Needed: a look-east policy

Needed: a look-east policy

In troubled times, nations look up to a leader to show the way to the faint light at the end of a dark tunnel. Pakistan’s President Asif Ali Zardari is at such a point in the history of his troubled nation. Pakistan’s survival is at stake as it faces imminent economic collapse and severance of its western region by the Tehreek-e-Taliban and Al Qaeda combine.

The domestic economic situation is deteriorating day by day. Apart from inflation, chronic power shortages and rising food prices are affecting the common man. Zardari’s rather simplistic solutions to the twin challenges of economy and terrorism take us back to the bizarre days of Pervez Musharraf harping on “national interest" to justify every decision. Islamabad today needs an out-of-the-box solution, not just good old political perfidy.

After a rebuff from China, which signed 11 agreements during his recent visit, including one on cricket, but gave nothing tangible, Zardari’s hopes for immediate financial solace rest on “Friends of Pakistan", a group which has met for the first time only recently, and includes the US, major European countries, China, Japan and Islamabad’s patrons in the Gulf—Saudi Arabia and the UAE. Many of them are in deep economic distress themselves.

Thus, their agenda focused more on political and administrative restructuring instead of economic problems, as is evident from the five areas identified—“stability, development, border areas, energy, and institution building". There also appears to be an informal understanding within this group, as China insisted on structural reforms before giving any cash aid while the Saudis are not inclined towards an oil-based dole. US assistant secretary of state Richard Boucher, during his recent visit to Islamabad, was even more specific when he stated, as reported by the Daily Times, that “there is no money on the table. The goal is to put the money where it belongs. It is not a cash advance".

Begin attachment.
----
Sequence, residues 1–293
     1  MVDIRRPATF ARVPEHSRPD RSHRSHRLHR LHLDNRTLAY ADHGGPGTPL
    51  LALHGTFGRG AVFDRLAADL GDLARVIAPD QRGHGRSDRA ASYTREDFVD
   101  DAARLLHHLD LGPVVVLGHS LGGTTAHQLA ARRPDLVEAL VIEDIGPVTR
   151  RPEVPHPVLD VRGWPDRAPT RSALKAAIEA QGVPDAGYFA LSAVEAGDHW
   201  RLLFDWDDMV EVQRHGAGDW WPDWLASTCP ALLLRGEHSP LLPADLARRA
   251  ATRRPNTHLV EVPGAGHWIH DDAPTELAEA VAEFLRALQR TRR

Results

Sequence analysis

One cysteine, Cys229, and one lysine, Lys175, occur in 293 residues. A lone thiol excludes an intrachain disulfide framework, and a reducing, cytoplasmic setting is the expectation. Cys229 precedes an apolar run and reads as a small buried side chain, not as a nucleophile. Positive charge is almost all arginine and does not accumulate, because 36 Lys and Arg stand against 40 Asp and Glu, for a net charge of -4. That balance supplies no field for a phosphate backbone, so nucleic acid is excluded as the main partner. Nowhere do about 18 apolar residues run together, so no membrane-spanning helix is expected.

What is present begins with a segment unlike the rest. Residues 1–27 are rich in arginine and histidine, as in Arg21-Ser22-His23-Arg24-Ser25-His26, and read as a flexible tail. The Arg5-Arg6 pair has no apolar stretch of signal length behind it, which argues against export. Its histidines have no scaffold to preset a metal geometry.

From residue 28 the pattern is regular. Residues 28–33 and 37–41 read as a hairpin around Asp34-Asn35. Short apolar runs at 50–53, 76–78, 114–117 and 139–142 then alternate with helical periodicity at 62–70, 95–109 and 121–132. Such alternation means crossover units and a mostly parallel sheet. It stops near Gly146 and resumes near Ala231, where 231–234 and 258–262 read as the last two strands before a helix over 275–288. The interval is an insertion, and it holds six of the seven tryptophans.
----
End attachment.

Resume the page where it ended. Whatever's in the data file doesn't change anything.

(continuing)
The International Monetary Fund in the near term and, ironically, India in the long term, appear to be Pakistan’s main hopes now. There are faint signs of Zardari basing Pakistan’s economic revival on a strong trade relationship with India. This would be sound policy, for it is in the east that large markets are to be found. Perhaps, he has taken a leaf out of the book of other South Asian countries—Sri Lanka and Bangladesh—which have benefited from recasting their trade relations with New Delhi.

India should link such a relationship with a corridor to Central Asia, which the World Bank is willing to fund. Here, resistance from the business lobby and a vicious cartel of criminals, terrorist groups and tribal warlords, who between them have controlled the movement of goods from Karachi to Tashkent for at least two decades, may come in Zardari’s way.

The second challenge to Pakistan is that of terrorism, and that is not likely to go away, for there are huge gaps in what Zardari and the international community want and what is achievable. Terrorist groups, led by the Tehreek-e-Taliban, have attained a momentum of their own. Targets are carefully selected for their political value, be it the Marriott hotel, Awami National Party chief Asfandyar Wali Khan—who is reported to have shifted base to London—or national assembly member Rashid Akbar Niwani. What is worrying is that the police and the military don’t seem to have the capability to deal with such mass terror attacks. Moreover, structural inadequacies of administration and development in the tribal areas will take a long time to overcome.

Historically, this is not the first time Pakistan has been on the brink of an economic collapse. Wikipedia cites at least eight instances of serious economic problems in the past decade or so.

The present situation is, however, complicated by terrorism, which will deter foreign direct investment till there is some semblance of order. A free trade pact with India may be more viable, so Zardari needs to think out of the box and set in motion a look-east policy.

Rahul K. Bhonsle is editor, South Asia Security Trends. Comment at